I had my carburetors rebuilt by Dave Curto many years ago, and I also recommend him as an excellent resource to put the Strombergs in perfect condition.

Bob

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PostPost by: RogerFrench » Sun Jan 03, 2016 7:02 am

Joe Curto maybe, not Dave?
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PostPost by: m750rider » Sun Jan 03, 2016 1:39 pm

Yes, Joe Curto. Thanks for catching this. Must have had Dave Bean on my mind.
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PostPost by: The Veg » Sun Jan 03, 2016 9:38 pm

Thanks guys, sounds like encouraging advice.

Yesterday I got the carbs installed. I also removed the secondary throttle-shafts from the manifold and plugged those holes. Whatever mechanism was supposed to open and close the secondaries was gone and they were tightened in the full-open position, but I figured that gone altogether would be better.

After copious cranking I managed to get the engine running. While finer tuning will be needed, it ran well enough to idle for several minutes and even a short drive up and down my street. There are still of course small problems that need sorting, such as:

-Fuel lines. The short pieces clamped to the metal 'T' don't seem to seal very well. Off to the store for some fresh hose.

-Throttle closure/idle. On the bench after rebuild the throttles closed smartly with no problem and the return-springs seemed to be doing their job. Installed in the car, the throttles don't want to close fully and as a result the idle is quite high, a little above 2000. I can get the idle down by pulling the throttle shaft to the stops by hand, and behind the wheel I could *sometimes* get the idle down by pulling up on the pedal with a foot hooked under it. The cable has some play in it, so I wonder if the cable is suffering too much friction in its sleeve. I'll try a squirt of oil and see if that helps.

-Throttle bypass valves. The diaphragms in these are hard as a rock, so replacements will get ordered. I still don't know what they actually do, but I figure a hard diaphragm can't be good.

-Dieseling. The engine Dieseled for a good 45 seconds to a minute after shutting off the ignition, so something must not be quite right. I know that lead-deposits in the cylinders could make cars do that back in the old days (my dad's old '70 Plymouth was the grand-champion of Dieseling!), but that shouldn't be an issue here since the engine was bored-over during the rebuild and was run on unleaded for years prior to that anyway.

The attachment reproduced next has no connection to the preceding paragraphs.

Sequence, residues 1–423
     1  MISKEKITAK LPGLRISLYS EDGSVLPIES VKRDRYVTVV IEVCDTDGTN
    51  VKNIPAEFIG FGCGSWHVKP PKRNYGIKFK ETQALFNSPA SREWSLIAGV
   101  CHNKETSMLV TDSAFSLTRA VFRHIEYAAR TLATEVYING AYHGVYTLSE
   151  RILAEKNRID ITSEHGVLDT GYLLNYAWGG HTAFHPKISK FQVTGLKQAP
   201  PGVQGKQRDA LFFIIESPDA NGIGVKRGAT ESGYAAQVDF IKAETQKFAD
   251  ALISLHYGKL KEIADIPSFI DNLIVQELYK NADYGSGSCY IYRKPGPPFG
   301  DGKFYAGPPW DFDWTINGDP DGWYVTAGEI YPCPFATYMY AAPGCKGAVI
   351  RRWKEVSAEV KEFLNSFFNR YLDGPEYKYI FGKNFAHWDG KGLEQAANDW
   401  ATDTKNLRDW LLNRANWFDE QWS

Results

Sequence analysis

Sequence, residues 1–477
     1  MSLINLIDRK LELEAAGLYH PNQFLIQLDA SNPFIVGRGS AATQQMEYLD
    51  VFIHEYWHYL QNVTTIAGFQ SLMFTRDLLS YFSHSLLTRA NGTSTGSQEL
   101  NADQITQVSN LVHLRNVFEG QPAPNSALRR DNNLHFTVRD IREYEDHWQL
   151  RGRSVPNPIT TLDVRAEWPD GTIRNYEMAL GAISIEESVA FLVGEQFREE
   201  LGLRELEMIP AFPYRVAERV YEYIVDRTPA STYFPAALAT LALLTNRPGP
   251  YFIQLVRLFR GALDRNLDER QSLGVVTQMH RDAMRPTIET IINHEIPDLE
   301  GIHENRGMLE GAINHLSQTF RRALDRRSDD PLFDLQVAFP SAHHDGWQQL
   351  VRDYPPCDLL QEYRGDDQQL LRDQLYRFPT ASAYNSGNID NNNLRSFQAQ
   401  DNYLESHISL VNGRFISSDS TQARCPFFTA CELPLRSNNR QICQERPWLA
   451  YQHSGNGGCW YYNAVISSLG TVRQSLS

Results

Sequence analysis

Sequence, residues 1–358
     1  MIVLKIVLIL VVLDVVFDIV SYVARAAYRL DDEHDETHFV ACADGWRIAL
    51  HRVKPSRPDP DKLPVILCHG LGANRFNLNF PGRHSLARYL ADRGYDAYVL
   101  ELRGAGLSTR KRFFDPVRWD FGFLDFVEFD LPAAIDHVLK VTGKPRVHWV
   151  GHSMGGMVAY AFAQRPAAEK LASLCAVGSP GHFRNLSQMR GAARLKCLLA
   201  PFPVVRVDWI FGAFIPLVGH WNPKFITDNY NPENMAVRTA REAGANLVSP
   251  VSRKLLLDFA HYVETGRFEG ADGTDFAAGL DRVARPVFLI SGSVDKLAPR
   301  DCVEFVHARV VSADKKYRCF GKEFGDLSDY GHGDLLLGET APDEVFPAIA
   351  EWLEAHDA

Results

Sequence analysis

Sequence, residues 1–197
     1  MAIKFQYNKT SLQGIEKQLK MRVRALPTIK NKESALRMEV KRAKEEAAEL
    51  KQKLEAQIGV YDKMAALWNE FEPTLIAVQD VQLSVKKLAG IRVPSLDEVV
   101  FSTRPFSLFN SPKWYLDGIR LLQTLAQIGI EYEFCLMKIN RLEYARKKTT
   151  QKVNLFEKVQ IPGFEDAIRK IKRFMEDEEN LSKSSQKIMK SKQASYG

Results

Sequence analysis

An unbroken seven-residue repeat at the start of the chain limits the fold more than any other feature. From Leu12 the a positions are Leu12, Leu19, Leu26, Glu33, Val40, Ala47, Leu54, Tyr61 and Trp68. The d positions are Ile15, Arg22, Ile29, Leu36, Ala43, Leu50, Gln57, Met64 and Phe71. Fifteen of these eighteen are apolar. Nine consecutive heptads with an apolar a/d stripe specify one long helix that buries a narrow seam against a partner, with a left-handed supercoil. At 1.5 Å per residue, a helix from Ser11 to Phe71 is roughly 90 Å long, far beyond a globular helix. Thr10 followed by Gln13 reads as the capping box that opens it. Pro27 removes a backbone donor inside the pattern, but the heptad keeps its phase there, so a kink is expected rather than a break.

But I was still really chuffed that it ran, and it definitely feels like progress. At the risk of embarrassing myself, here's some video:

https://www.youtube.com/watch?v=S0jkqFk7b8U
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PostPost by: The Veg » Mon Jan 04, 2016 6:30 pm

CBUEB1771 wrote:I am very curious to know if during the engine rebuild the cam timing was set properly. By surfacing the head to increase compression ratio the cam timing will change. The people who did this work should have used offset dowels in the cams to get the lobe centers back to the 110 degrees specified for the Bean 112 cam.


Just to follow-up on this, I'm pretty sure the cam timing is OK. I'm told that the job was done by American Cylinder Head of Salt Lake City, and I've found their timing-worksheet among the car's documents.
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PostPost by: bill308 » Wed Jan 06, 2016 9:17 pm

Hi Veg.

Your high idle may be caused by a carb imbalance. One carb may be closed, but because of the interconnecting linkage adjustment, the other may be more open and feeding more air via the balance tube. Get the carb balance right and your high idle should go away.

A consequence of a high idle is often run on after switching off the ignition. So, get the balance right and you will likely get a better, more controllable idle and a clean shut off. Also, grunt at lower rpm's will be better with well balanced carbs.

I happened to be reading DBE's catalog last night concerning Strombergs. One interesting observation he made was that the needle and orifice/jet should not be installed perfectly concentric. One side of the needle should rub on the id of orifice/jet for best metering. If perfectly concentric, metering is somewhat erratic.The consequence is that over time, both the needle and orifice need to be renewed. DB did not speculate as to the physics involved.

Finally, remember that Strombergs were introduced for emission purposes. As such they were likely tuned on the lean side. Now, introduce 10% ethanol laced gas, and the mixture will likely be an additional 2-4% leaner. You should consider richer needles. DBE's catalog gives some guidance here but perhaps other specialists could offer even better guidance.

Bill